This year’s sales figures give reason for fresh optimism about the future of EVs in the United States.
In the 2011 State of the Union, President Obama set an ambitious goal to put 1 million electric vehicles on U.S. roads by 2015—a milestone seen as unlikely but technically achievable at the time. As of now, we’re only half-way there. But this year’s sales figures give reason for fresh optimism about the future of EVs in the United States. In 2016, EV sales are surging, even as gasoline prices languish and overall auto sales are down year-over-year. Coinciding with the sales surge, major news outlets that have been skeptical of EVs have been shifting their tone in recent weeks, potentially signaling a greater cultural acceptance of the technology.
First, a look at what makes current EV sales trends so remarkable. From 2011 through mid-2014, EV sales increased steadily on a year-over-year basis, often showing dramatic gains—sales climbed by almost 200 percent in the first year and by nearly over 80 percent the second year. In the third year, 2014, sales slowed when oil prices began to collapse mid-year. Sales rose 34 percent year-over-year between January and August of 2014 but then fell below 2013’s numbers on a monthly basis. For the full year, they increased by only a modest 25 percent. As oil prices continued to languish, 2015 was even worse, with the first-ever annual year-over-year decline in sales, dropping by 4 percent. That year’s sales decline was even starker in the context of total automotive sales, which reached a record high of 17.5 million vehicles, a 5.7 percent increase versus the previous year.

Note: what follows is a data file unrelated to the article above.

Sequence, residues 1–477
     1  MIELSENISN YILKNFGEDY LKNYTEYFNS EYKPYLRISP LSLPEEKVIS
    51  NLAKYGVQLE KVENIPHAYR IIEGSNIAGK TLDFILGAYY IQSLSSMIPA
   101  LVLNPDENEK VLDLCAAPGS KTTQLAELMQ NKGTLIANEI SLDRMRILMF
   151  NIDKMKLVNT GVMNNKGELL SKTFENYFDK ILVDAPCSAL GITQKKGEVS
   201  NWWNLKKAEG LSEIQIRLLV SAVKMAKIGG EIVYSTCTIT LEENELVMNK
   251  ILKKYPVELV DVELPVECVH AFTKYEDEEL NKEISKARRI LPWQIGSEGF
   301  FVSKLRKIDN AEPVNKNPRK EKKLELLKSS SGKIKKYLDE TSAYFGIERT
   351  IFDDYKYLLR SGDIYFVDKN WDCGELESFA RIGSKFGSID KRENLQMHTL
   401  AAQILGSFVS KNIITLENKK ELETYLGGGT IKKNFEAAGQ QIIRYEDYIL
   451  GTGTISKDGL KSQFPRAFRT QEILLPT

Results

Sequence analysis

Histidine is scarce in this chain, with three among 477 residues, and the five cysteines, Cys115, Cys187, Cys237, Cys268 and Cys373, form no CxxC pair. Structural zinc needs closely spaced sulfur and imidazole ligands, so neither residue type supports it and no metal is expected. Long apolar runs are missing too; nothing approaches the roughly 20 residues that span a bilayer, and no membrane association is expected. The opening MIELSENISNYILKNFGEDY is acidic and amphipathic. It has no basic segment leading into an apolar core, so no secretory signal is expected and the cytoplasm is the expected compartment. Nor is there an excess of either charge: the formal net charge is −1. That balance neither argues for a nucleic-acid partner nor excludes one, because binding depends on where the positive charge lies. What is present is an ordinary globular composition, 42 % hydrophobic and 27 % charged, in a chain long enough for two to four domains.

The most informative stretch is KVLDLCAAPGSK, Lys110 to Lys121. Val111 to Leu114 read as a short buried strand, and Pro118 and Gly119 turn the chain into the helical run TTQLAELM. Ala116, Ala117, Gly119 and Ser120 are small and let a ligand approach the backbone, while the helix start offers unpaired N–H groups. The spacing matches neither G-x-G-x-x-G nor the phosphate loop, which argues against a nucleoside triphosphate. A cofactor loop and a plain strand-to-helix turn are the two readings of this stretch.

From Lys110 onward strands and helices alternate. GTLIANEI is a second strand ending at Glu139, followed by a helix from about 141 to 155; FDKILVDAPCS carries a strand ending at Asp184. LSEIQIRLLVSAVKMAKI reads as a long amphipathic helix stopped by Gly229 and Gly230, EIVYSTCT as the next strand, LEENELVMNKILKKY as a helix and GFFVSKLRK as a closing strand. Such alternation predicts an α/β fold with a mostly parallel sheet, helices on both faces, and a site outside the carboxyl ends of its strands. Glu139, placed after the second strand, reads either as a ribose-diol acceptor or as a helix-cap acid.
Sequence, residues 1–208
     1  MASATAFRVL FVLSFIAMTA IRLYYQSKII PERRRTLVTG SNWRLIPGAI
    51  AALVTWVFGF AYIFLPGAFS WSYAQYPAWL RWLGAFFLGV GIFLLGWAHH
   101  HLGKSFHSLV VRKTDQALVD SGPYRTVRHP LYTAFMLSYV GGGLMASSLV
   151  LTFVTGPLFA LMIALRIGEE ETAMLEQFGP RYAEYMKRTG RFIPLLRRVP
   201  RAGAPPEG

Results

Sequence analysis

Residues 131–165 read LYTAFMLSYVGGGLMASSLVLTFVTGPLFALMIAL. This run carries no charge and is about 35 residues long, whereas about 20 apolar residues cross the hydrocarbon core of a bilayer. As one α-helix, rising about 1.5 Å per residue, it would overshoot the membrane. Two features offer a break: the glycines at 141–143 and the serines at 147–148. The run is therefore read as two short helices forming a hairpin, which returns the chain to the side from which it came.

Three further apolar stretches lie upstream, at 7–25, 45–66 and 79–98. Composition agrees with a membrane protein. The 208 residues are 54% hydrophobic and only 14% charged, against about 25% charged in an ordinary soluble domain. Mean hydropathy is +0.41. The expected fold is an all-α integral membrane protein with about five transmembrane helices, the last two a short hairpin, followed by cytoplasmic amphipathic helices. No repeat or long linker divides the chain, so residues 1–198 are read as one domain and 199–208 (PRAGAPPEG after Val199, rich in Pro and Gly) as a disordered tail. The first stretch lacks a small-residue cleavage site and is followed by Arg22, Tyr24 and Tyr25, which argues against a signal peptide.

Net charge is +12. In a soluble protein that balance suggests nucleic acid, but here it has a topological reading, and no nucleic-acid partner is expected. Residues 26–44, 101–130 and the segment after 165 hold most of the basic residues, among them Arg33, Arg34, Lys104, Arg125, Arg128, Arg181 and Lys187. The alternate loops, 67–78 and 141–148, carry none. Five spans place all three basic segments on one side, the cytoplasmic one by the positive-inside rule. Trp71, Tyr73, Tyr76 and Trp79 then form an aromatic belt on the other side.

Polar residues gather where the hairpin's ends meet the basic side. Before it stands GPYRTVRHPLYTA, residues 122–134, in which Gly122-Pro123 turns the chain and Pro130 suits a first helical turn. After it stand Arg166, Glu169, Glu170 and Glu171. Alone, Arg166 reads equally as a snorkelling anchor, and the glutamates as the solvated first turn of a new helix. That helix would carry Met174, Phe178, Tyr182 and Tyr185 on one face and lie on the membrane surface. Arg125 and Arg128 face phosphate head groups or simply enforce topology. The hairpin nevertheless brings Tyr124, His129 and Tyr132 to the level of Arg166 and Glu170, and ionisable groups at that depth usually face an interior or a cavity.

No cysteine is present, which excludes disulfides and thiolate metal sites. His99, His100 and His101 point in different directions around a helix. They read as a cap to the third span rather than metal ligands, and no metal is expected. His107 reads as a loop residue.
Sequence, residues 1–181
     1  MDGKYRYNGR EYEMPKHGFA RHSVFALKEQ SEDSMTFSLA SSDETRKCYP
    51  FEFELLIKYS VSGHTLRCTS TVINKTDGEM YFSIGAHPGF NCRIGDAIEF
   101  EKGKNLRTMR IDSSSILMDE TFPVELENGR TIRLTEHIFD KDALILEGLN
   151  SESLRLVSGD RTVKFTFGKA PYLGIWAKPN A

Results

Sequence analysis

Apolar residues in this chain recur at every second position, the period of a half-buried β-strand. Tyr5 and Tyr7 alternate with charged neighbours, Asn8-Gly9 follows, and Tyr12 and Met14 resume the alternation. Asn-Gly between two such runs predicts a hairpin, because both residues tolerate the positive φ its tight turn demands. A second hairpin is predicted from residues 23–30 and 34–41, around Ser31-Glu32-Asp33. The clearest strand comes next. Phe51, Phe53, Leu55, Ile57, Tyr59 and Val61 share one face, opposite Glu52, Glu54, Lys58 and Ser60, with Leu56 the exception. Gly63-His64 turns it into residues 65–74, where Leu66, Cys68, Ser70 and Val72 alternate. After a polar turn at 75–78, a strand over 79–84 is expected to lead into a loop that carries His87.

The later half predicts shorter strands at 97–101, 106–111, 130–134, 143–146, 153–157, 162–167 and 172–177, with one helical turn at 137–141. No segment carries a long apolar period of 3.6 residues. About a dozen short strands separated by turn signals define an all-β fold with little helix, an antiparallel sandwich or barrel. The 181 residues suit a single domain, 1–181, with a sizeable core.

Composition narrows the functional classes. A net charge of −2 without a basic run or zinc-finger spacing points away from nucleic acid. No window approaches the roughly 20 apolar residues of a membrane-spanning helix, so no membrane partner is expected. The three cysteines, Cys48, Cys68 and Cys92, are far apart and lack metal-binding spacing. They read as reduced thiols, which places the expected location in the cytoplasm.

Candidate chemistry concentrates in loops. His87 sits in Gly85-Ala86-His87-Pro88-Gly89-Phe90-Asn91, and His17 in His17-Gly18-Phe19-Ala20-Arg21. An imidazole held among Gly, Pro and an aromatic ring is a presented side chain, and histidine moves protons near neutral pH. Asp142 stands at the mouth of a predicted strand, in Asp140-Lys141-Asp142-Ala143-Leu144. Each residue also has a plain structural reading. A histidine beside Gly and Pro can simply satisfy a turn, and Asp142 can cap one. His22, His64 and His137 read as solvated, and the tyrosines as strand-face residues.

The trend of falling EV sales against a backdrop of cheap gasoline and surging total auto sales has been broken this year.
That trend—of falling EV sales against a backdrop of cheap gasoline and surging total auto sales—has been broken this year. Year to date, annual auto sales are in fact down by 4.1 percent, according to industry figures reported by Edmunds and The Wall Street Journal. On average for the year, EIA data shows that retail gasoline prices have declined by 15.6 percent versus the same period in 2015. Electric vehicle sales, however, are up 42 percent year-over-year.
The tight relationship between gasoline prices and sales of efficient (high-mpg) and alternative fuel vehicles is very clear. Sales-weighted fuel economy has flatlined since mid-2016, following roughly half a decade of 3-4 percent annual increases. Survey data also shows that when gasoline prices increase, so does the percentage of car buyers who name fuel economy as the most important attribute of the vehicle they are purchasing. When gasoline prices approach $4 per gallon, 30 percent of buyers see fuel economy as the most important attribute, over dependability, quality, and safety.
Media shifts tone